The Race to Hack the Vaccine
September 9, 2020
The Good News
- Planting City Trees With a New Focus on Equity (Bloomberg). Conquering two serious problems with one seed.
- Who doesn’t love a good whale redemption story? Tahlequah, the endangered orca whale that carried her dead calf with her for 17 days in August 2018, gave birth to a healthy calf today (Seattle Times)
“You can only be jealous of someone who has something you think you ought to have yourself.”
Hacking the Vaccine
(Panida Wijitpanya via Getty Images)
The Cold War: Part Deux. Trailer: The race for a coronavirus vaccine is hot and heavy. Hacker teams from China and Russia have been identified — every day they test weaknesses in our systems. They are not alone. When it comes to a vaccine, its spy versus spy. Spoiler alert: Every major intelligence service around the globe is trying to find out what everyone else is up to. Already playing at a drug manufacturer or university research lab near you.
The first Cold War’s competition to achieve dominance in outer space occurred over decades, during which the Soviet Union and America relied on their spy agencies to catch up when the other seemed likely to achieve a milestone. In today’s urgent race to develop a safe and effective vaccine for COVID-19, the timeline is sharply compressed. US intelligence officials have been tracking China’s efforts to steal vaccine information since early February, just as the virus was gaining a foothold in America. But the intelligence wars have intensified as China and Russia, along with other adversaries like Iran, have expanded their efforts to steal American work at both pharmaceutical companies and research institutes.
The cutting edge research being done at the University of North Carolina, in particular, has been the focus of Chinese digital reconnaissance. Others have also been beset, and some networks possibly breached. Washington has taken steps to protect the universities and corporations doing the most advanced work. In July, the State Department closed China’s embassy in Houston, and the Justice Department indicted two Chinese hackers of targeting American biotechnology companies developing COVID-19 vaccines: Gilead Sciences, Novavax, and Moderna.
NATO intelligence — normally concerned with the movement of Russian tanks and terrorist cells — has expanded to scrutinize Kremlin efforts to steal vaccine research. Both Russia and China have been spreading disinformation about the virus, its origins, and the American response. The Kremlin’s intelligence services especially, with their long record of fomenting divisions in American society, are working to escalate the anti-vaccine movement in the West. Spying allegations could be useful in giving its narrative greater traction.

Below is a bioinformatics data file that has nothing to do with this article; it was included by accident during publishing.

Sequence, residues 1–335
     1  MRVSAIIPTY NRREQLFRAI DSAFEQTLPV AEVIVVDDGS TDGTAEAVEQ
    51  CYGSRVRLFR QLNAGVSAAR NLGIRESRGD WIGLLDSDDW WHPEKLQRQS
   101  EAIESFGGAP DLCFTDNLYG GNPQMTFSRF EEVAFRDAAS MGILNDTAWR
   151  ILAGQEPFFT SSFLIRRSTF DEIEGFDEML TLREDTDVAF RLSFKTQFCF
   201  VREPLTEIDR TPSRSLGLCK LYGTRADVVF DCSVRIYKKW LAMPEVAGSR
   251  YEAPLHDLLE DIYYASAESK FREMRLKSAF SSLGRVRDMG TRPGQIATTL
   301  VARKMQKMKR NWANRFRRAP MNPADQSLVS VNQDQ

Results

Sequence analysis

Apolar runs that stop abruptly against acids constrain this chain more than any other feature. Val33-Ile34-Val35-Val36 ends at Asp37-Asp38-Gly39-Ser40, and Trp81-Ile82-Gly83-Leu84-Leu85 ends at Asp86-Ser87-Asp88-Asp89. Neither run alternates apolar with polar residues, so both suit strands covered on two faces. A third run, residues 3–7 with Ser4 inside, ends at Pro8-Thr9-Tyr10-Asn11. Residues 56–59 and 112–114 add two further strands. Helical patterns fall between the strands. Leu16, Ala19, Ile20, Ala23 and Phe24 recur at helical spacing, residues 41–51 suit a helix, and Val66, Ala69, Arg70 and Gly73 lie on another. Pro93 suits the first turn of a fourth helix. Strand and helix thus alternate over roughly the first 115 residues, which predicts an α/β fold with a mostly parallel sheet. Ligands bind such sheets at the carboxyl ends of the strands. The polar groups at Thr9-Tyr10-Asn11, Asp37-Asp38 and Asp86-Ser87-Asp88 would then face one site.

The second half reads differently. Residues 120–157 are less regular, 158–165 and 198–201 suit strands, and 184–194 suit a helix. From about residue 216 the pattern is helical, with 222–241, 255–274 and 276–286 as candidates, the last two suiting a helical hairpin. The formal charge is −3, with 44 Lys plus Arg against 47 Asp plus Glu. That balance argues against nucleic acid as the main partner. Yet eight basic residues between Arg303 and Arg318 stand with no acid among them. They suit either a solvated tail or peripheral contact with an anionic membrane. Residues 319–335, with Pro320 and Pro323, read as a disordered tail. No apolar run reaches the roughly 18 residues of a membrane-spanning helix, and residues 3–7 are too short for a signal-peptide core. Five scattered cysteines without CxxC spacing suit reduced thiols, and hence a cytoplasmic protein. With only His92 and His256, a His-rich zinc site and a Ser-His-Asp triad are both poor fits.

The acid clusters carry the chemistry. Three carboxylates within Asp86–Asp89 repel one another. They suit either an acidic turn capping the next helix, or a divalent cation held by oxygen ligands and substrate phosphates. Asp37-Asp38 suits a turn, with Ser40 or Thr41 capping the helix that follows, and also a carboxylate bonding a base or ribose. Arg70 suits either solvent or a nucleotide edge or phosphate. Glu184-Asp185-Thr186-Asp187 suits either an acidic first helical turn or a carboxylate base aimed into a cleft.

A Second Term Surprise?
- The North Atlantic Treaty Organization (NATO) was formed in 1949 for the purpose of providing collective security against the threat posed by the Soviet Union. For the past 71 years, NATO has worked to guarantee the freedom and security of its 30 member nations through political and military means. It is committed to democratic values and the peaceful resolution of disputes.
- However, if diplomatic efforts fail, it has the military power to undertake crisis management operations. The United States is a vital member of NATO, and the greatest beneficiary of a US exit from the alliance would be Russia. Recent accounts by former senior national security officials in the Trump administration — verifying the president’s wish to withdraw the US from the alliance — have contributed to growing unease on Capitol Hill and across Europe.
- Trump was reportedly talked out of quitting the pact more than once in his first term; a second term would give him a much better chance to do so. According to many, if Trump is reelected, and feels that people have thereby endorsed his policies, it is almost certain he will move to withdraw the US from NATO. These former officials warn that such a move would be one of the most monumental global strategic shifts in generations, and a major victory for Russian president Vladimir Putin. (NYT)
- The American Prisoner in Russia Trapped Between Putin and Trump (New Yorker)
- Russia’s Navalny out of coma & Trump refuses to condemn Russia over poisoning (BBC)
The South Asian Surge
- On Monday, India saw COVID-19 cases surge by over 90,000 in just 24 hours, putting them in undesirable company with the United States at the top of the global caseload leaderboard. With a total of 4.2 million confirmed cases, the Asian giant has now surpassed Brazil as the second-worst-hit country in the world.